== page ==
U.S. Supreme Court Rules that Qui Tam Relators in Non-Intervened Civil False Claims Act Cases Have Up to 10 Years from Date of Alleged Violation to File Suit

The U.S. Supreme Court in a unanimous decision ruled in Cochise Consultancy, Inc. et. al. v. United States ex rel. Hunt that qui tam relators in which the federal government has declined to intervene in civil False Claims Act (FCA) cases may rely on the statute of limitations set forth in 31 U.S.C. § 3731(b)(2) to bring a suit up to 10 years after the alleged violation.

The limitations period in 31 U.S.C. §3731(b)(2) provides that a “civil [FCA] action under section 3730” must be brought within one of two periods, whichever occurs last: (1) within six years after the date on which the alleged violation is committed; or (2) within three years after the “the official of the United States charged with responsibility to act in the circumstances” knew or should have known the relevant facts, but not more than 10 years after the violation.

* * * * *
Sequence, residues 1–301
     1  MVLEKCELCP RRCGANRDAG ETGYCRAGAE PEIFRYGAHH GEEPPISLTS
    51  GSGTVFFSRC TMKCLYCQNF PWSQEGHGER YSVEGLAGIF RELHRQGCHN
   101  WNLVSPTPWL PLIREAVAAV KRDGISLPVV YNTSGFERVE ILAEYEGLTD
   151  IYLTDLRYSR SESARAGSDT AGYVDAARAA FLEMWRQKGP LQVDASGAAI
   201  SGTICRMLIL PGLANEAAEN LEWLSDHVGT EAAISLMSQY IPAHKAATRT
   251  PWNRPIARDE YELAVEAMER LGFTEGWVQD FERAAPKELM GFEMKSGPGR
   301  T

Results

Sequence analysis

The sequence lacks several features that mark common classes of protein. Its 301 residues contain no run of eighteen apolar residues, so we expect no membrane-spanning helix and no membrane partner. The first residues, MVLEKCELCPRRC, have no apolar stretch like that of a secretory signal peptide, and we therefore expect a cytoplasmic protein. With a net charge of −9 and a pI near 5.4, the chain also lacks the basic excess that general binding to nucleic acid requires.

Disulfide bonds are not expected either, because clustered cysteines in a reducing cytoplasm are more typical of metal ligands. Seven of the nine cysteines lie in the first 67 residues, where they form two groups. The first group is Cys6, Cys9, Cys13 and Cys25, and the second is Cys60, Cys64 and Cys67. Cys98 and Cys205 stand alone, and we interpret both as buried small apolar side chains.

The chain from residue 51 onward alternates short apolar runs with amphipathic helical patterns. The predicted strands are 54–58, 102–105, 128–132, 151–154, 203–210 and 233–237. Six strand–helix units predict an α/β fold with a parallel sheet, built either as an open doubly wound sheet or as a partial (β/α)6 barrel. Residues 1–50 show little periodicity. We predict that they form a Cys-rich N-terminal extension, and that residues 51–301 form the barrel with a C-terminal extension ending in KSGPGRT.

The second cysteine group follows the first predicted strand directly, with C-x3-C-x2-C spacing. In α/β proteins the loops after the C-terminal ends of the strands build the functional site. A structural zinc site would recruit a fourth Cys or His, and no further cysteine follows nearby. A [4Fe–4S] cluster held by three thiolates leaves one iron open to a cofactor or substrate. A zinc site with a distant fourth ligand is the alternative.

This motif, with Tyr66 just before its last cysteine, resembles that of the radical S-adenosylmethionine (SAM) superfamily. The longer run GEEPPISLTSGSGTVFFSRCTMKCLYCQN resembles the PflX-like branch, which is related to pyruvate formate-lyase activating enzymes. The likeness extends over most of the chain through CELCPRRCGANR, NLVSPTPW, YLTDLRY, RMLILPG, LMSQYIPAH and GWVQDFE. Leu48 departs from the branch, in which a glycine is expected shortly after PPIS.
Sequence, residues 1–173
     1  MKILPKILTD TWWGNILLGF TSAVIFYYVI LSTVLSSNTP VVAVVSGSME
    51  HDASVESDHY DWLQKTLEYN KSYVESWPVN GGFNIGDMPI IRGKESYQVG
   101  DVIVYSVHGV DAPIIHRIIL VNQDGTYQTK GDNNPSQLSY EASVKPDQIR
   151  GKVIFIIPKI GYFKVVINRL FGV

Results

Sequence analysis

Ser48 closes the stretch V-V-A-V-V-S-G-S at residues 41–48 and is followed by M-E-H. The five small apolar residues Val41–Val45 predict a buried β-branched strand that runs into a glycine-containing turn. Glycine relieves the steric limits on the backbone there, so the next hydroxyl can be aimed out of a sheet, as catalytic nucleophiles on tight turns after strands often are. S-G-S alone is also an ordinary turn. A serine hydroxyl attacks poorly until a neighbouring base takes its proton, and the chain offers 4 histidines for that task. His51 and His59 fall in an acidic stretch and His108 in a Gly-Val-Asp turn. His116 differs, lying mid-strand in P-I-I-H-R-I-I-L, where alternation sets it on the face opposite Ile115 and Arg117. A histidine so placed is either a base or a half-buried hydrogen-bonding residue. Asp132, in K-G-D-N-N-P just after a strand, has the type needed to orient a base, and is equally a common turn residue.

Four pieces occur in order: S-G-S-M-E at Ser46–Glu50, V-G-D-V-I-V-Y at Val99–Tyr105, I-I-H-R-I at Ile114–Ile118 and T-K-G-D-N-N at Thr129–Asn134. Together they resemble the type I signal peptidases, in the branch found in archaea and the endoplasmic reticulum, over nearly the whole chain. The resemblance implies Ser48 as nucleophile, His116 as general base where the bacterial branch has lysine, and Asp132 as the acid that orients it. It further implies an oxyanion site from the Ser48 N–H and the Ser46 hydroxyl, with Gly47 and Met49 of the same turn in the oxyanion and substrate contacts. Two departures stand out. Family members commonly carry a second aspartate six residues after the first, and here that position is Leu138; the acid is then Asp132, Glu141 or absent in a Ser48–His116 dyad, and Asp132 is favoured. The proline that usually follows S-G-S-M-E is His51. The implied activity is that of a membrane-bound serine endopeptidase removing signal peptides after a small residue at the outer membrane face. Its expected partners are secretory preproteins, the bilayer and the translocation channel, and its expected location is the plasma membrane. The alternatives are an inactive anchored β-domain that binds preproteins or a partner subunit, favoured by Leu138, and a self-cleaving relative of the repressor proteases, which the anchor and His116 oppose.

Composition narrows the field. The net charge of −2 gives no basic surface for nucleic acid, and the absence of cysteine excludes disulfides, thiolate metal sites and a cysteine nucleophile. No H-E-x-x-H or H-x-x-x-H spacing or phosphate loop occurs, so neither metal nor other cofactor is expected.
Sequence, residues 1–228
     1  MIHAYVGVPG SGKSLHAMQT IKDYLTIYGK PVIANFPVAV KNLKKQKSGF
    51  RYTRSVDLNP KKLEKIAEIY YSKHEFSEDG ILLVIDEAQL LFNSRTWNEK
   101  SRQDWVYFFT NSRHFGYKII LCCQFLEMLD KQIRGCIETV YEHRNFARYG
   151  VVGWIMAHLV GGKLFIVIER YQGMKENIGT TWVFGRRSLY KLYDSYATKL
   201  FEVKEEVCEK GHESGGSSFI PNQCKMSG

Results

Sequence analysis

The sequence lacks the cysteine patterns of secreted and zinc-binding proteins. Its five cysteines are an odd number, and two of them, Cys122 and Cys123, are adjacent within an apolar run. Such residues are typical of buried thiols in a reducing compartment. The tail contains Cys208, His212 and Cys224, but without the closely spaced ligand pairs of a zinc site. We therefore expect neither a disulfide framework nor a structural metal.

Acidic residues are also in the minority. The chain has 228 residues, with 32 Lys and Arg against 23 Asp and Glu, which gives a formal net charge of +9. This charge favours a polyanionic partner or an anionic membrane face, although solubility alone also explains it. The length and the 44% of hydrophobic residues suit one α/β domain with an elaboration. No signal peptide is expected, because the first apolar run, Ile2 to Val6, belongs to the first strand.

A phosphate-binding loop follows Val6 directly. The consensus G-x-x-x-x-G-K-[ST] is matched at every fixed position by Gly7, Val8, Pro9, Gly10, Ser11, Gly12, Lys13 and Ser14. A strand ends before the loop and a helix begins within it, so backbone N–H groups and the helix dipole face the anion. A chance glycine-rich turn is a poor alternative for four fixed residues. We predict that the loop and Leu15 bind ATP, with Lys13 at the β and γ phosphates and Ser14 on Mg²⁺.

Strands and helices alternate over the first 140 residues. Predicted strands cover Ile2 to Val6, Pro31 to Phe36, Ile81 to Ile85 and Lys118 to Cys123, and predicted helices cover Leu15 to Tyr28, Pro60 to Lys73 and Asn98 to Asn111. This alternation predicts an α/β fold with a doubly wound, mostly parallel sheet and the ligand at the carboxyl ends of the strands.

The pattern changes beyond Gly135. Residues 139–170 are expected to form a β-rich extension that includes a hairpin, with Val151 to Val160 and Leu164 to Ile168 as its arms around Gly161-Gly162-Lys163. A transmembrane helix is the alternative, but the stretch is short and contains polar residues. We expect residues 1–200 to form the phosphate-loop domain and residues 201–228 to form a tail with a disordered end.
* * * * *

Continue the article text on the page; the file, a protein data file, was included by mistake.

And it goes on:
The Court held that Section 3731(b) establishes two limitations periods that apply to “civil action[s] under section 3730” and both government-initiated suits and relator-initiated suits are “civil action[s] under section 3730.” The plain text of the statute imposes both limitations periods on both types of actions and to interpret the statute otherwise would violate the principle that “a single use of statutory phrase must have a fixed meaning.”

The Court further ruled that a qui tam relator in a non-intervened suit is not an “official of the United States” whose knowledge triggers §3731(b)(2)’s limitations period.